US Supreme Court Affirms Injured Seaman's Right to Seek Punitive Damages
On Jun 25, 2009, the US Supreme Court, In a narrow 5-4 majority decision authored by one of its perceived judicial conservatives ( Mr. Justice Thomas), handed down an important decision in the matter of Atlantic Sounding Co. v. Townsend, 557 U.S._______ (2009)- in the jurisprudentially volatile area of punitive damages under US maritime law.
The narrow issue was whether an injured seaman may recover punitive damages for his employer's willful failure to pay maintenance and cure. The seaman, who was employed onboard a tug boat, slipped and fell on the deck injuring his shoulder and elbow. The tug owner refused to pay maintenance and cure. The seaman filed the usual injured seafarer's lawsuit (i.e.: alleging claims sounding in Jones Act negligence; general maritime law unseaworthiness; and maintenance and cure). The employer filed a separate complaint in Federal court seeking a declaration of non-liability for maintenance and cure. The seaman counterclaimed for punitive damages predicated on the employer's failure to pay maintenance and cure. The two (2) cases were consolidated.
Subsequently, the employer moved to dismiss the punitive damages claim. The district court denied the motion but certified the question for interlocutory appeal to the Eleventh Circuit Court of Appeals. The Court of Appeals upheld the decision of the District Court that the seaman was entitled to claim punitive damages. There were conflicting decisions on the issue among the circuits so the U.S. Supreme Court granted certiorari.
The US Supreme Court upheld the seaman's right to seek punitive damages predicated on the employer's refusal to provide maintenance and cure. The Court rejected arguments that the punitive damages claim for was precluded by its earlier decision in Miles v, Apex Marine Corp., 498 U.S. 19 (1990) in conjunction with the Congressional judgment expressed in the enactment of the 1920 Jones Act. In relevant part Miles had held that, though the general maritime law recognized a wrongful death cause of action for the death of a seaman, the damages recoverable could not include items for loss of society and future earnings that were unavailable under the Jones Act and the Death on the High Seas Act statutory causes of action. In this case the Court holds that "…unlike the facts presented by Miles, the Jones Act does not address maintenance and cure or its remedies. It is therefore possible to adhere to the traditional understanding of maritime actions and remedies without abridging or violating the Jones Act. "The availability of punitive damages for maintenance and cure actions is entirely faithful to these "general principles of maritime tort law" and no statute casts doubt on their availability under general maritime law". The Court also rejected the contention that the Jones Act replaced the common law remedies available to seamen for maintenance and cure, and upholds seaman's rights to use in this regard both, statutory and general maritime law remedies, though these may be overlapping.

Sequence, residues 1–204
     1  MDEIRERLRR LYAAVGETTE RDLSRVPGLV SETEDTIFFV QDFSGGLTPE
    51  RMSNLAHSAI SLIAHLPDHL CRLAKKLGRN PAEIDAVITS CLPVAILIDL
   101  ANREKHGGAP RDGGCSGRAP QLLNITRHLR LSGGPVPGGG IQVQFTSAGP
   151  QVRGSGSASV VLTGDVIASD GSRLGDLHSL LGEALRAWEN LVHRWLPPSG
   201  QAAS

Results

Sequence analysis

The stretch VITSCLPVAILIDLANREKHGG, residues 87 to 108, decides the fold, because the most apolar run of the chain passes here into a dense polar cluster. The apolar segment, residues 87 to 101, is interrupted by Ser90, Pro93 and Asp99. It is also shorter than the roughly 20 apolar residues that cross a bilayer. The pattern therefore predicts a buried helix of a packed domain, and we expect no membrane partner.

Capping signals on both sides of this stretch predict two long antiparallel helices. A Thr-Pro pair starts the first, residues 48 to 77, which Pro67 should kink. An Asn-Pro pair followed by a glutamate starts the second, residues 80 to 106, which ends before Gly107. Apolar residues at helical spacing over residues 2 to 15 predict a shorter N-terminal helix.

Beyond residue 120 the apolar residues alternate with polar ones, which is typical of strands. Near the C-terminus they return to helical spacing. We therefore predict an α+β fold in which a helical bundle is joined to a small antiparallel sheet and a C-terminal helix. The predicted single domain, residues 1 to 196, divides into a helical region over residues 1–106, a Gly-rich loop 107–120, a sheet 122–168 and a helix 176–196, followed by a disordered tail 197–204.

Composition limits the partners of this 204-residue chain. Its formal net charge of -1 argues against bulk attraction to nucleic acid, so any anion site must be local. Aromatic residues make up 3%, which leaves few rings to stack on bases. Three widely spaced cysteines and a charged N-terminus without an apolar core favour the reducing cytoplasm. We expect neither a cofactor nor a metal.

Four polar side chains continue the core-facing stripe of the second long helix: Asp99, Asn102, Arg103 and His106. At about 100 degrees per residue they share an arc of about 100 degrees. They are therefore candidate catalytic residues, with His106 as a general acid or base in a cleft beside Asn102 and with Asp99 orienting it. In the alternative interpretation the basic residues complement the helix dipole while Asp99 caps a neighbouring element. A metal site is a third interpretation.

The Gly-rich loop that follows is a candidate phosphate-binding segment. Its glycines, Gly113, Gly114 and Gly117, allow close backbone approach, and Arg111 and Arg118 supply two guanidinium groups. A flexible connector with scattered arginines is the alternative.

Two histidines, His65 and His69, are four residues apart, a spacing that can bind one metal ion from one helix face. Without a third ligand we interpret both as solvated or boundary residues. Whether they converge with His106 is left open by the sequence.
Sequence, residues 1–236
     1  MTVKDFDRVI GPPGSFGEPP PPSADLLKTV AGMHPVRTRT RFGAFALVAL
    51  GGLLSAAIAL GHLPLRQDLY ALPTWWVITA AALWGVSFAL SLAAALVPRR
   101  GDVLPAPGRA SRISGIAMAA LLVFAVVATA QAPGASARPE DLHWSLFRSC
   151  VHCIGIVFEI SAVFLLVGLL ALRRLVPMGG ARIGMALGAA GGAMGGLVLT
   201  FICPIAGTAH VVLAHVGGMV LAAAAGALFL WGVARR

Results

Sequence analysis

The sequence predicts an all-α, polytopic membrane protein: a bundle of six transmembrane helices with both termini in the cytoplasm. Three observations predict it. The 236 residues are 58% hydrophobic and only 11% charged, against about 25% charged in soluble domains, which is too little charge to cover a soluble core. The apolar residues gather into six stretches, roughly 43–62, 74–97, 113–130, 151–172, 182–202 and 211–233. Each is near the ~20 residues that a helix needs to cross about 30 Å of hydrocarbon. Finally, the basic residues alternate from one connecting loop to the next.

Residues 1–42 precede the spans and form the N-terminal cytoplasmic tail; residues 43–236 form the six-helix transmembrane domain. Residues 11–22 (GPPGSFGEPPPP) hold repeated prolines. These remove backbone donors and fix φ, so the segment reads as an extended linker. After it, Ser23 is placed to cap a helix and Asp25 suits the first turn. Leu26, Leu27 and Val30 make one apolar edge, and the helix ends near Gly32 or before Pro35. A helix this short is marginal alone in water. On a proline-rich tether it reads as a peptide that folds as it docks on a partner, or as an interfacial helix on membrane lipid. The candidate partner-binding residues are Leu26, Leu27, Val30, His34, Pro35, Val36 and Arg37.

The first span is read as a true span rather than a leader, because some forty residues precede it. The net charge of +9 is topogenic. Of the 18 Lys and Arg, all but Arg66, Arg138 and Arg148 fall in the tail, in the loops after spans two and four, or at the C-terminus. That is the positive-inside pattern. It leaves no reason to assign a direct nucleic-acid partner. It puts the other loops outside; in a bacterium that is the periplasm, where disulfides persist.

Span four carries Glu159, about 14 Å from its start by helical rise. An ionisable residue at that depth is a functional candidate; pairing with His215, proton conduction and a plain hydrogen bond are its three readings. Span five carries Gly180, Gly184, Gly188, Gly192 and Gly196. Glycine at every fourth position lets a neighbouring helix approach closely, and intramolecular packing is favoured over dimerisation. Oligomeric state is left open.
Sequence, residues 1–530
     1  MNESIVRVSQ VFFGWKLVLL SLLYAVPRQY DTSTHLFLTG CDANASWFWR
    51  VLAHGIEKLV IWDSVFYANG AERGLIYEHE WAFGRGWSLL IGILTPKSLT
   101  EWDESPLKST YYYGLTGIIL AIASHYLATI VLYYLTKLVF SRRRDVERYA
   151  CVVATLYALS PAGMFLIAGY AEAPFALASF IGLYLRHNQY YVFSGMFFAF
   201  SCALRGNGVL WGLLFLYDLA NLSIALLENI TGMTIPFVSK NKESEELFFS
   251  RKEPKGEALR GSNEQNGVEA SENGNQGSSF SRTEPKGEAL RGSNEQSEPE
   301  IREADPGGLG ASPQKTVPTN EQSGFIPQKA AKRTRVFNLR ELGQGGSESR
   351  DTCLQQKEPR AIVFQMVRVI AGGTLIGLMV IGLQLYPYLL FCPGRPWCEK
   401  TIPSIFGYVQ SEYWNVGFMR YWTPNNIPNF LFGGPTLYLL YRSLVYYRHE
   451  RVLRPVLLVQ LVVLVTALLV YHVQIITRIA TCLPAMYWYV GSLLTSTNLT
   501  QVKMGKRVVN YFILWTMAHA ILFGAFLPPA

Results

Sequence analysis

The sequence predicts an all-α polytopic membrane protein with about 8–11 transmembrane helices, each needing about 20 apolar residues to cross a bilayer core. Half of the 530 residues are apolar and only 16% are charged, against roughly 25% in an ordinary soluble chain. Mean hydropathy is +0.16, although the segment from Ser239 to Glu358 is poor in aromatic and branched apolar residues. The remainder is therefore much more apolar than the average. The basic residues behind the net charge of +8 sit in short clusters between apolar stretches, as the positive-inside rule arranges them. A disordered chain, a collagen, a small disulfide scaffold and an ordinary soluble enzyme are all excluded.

The Court further noted that American jurisprudence has permitted punitive damages ever since the colonial era, indeed before the ratification of the US Constitution. Punitive damages remained a feature of U.S. common law at least since 1784 and have been part of the (judge-made) general maritime law since the 1800's. There is no question then that a seaman is entitled to pursue punitive damages for the denial of his maintenance and cure rights "unless Congress has enacted legislation departing from this common-law understanding". The purpose of the Jones Act is remedial in nature, and meant to augment the rights of seamen, not to decrease them. "Limiting recovery for maintenance and cure to whatever is permitted by the Jones Act would give greater pre-emptive effect to the Act than is required by its text, Miles, or any of [the] Court's other decisions interpreting the statute.."
This case is part of the wider ongoing debate over the availability of punitive damages under the general maritime law of the United States and the effect that Acts of Congress are thought to have in this area. One view is that where Congress has acted, related legal issues are also governed by a form of indirect preemption. This is, in effect, at the core of the dissenting opinion authored by Mr. Justice Alito, which was joined by the Chief Justice and Associate Justices Scalia and Kennedy. However, the majority decision notes that Congress has had occasion to actually enact statutory restrictions expressly addressing general maritime law claims in certain instances and, accordingly, knows how to restrict the traditional remedy of maintenance and cure when it wants to. Thus, the availability of punitive damages under the General Maritime Law of the United States, whether in maintenance and cure actions or in other maritime claims areas, should not be considered restricted under Congressional enactment, unless the enactment restricts the availability expressly and specifically.
To read the US Supreme Court's decision in Atlantic Sounding Co. v. Townsend, please click here.
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